Originally Posted by You
Most drydocks are done to maintain mechanical systems that can't be done while at sea. They will usually do some maintenance on rooms, public areas, etc. Wait until an announcement from Celebrity, everything else will be just rumor and Celebrity's rumor mill is very poor.
When a ship goes into drydock, it is exclusively to maintain (1) the hull, (2) segments of piping carrying sea water between their hull penetration and the first valve inside the hull, including the valve, and (3) external components such as propulsion pods and external shaft bearings that have watertight access points located underwater. For other maintenance that requires a shipyard's support, the ship will simply pull up to a normal pier (sometimes called a "wet dock") at the shipyard where the cranes and other yard equipment have full access above the waterline.
A cruise line will not put a ship into drydock unnecessarily because it is a very expensive and risky process. Before the ship goes into drydock, the shipyard must configure keel blocks and stabilizers very precisely to support the ship and keep her upright without putting excessive stresses on the keel or hull. When the ship moves into drydock, the drydocking team uses very precise optical instruments in conjunction with carefully tensioned guy lines to maintain the position and alignment of the ship over those blocks and stabilizers as they pump the water out of the drydock. If anything goes wrong with this part of the process, the supports can damage or puncture the hull in a way that would render it unsalvageable. The ship also must shut down all systems that depend upon sea water for cooling or water supply before the water drops below the respective penetration, so the shipyard must provide temporary external sources of electrical power, potable water, sewage disposal, and water to the ship's fire mains while the ship is actually in drydock. When the ship leaves drydock, all of this process must be reversed. Additionally, it usually is not possible to perform other work on the day when the ship moves into drydock and when the ship moves out of drydock because those evolutions render the ship unaccessible for that long. Thus, an unnecessary drydocking would protract a yard visit, and the associated loss of passenger revenue, by two days.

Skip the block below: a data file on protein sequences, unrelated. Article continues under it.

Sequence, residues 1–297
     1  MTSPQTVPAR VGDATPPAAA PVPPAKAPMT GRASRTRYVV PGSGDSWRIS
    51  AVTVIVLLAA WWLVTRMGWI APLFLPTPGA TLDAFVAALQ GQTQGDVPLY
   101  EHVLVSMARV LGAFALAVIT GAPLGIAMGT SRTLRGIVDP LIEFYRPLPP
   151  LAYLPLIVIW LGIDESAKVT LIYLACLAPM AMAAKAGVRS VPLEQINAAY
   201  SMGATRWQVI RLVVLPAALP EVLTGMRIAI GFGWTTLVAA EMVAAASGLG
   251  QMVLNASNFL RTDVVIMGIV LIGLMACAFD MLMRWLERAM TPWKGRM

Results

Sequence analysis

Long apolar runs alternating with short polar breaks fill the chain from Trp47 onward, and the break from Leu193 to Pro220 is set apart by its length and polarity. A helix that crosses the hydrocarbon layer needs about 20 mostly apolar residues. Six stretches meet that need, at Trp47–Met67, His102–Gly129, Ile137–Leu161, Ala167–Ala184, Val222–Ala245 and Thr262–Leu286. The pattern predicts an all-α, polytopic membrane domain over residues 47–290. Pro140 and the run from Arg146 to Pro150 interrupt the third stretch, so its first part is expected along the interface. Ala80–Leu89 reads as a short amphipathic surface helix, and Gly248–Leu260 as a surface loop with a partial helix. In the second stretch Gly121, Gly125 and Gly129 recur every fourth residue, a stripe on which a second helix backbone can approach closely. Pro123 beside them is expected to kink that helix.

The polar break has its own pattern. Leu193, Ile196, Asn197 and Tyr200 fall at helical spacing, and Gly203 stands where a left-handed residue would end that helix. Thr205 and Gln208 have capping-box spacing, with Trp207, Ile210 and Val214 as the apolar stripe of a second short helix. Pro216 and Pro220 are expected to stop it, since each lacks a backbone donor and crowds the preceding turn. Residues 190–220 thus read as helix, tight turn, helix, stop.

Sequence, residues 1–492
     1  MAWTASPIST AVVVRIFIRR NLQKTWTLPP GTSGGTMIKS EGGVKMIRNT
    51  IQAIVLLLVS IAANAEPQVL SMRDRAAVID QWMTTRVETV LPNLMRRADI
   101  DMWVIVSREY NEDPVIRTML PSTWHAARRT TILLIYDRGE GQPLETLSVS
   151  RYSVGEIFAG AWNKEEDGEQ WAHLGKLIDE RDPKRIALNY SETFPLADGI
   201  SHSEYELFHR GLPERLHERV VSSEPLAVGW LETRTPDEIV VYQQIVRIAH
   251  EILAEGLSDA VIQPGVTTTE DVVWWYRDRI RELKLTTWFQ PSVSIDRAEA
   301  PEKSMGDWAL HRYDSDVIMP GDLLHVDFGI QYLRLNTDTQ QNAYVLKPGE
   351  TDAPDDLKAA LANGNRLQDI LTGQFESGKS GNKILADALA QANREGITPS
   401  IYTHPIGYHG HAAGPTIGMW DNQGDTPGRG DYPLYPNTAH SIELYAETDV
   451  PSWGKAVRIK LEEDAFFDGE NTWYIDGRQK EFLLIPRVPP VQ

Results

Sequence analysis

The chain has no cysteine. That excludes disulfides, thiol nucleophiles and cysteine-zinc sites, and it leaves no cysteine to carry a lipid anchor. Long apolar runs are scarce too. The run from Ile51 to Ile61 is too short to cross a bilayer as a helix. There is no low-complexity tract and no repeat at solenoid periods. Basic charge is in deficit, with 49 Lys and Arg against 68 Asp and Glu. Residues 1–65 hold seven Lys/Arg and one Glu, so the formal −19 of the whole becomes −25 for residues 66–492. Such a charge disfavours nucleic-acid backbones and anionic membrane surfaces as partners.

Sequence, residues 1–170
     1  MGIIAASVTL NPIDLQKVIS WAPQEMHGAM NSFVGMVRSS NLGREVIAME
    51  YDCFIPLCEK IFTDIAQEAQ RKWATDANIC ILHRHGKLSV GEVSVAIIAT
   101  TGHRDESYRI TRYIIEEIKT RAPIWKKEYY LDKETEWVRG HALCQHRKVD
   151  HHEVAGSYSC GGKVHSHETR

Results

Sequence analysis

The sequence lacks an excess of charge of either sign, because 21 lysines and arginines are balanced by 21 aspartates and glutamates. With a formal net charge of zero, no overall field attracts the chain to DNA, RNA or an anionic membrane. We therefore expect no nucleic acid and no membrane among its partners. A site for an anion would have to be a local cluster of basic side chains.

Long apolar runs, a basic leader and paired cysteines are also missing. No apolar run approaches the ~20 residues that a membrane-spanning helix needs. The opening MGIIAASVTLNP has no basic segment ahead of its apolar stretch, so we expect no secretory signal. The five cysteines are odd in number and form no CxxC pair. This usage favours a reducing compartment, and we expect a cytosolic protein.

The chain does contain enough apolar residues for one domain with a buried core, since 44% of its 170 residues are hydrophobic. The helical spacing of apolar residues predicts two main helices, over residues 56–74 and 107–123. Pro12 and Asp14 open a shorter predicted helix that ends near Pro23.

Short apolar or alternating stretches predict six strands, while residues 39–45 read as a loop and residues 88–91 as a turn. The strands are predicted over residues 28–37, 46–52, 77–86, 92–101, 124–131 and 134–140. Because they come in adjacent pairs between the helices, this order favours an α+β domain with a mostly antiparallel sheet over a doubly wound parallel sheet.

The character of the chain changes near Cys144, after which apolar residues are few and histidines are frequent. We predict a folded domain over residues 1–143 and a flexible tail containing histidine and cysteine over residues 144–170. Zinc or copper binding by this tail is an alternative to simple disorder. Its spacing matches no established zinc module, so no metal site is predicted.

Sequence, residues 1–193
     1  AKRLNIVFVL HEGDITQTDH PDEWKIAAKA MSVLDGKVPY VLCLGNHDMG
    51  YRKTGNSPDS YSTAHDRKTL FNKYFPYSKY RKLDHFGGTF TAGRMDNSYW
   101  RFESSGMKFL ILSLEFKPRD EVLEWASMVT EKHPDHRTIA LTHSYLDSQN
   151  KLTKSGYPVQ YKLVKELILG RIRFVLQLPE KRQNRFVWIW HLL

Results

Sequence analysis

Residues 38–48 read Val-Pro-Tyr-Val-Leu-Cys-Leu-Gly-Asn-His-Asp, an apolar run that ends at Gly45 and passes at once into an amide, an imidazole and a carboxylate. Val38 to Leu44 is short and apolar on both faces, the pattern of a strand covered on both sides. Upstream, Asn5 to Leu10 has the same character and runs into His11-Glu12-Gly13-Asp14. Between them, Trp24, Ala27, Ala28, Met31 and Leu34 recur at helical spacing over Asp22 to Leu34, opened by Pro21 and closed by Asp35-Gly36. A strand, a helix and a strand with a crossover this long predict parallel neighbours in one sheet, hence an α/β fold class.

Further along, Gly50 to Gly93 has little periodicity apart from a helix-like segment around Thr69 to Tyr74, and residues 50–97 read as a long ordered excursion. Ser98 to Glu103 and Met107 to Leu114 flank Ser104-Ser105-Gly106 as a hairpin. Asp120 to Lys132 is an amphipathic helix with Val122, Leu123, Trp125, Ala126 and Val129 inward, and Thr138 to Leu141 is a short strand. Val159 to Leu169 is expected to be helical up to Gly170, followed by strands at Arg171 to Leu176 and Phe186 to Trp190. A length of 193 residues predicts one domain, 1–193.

That said, you are absolutely correct in saying that ships usually receive other maintenance and repairs -- and often modifications as well -- while in drydock. Time spent in a shipyard is time when a ship is not generating revenue, so the cruise line will always seek to minimize that time by maximizing the work actually accomplished. Maintenance and repairs that the ship's crew cannot do while the ship is at operating, including refurbishing of public rooms, are always the first priority whenever a ship is in a shipyard, of course, but the cruise line's goal is always to accomplish as much as possible while the ship is out of service. The difference is only that the cruise line will not protract a yard visit to do work that the crew can do while the ship continues normal operations.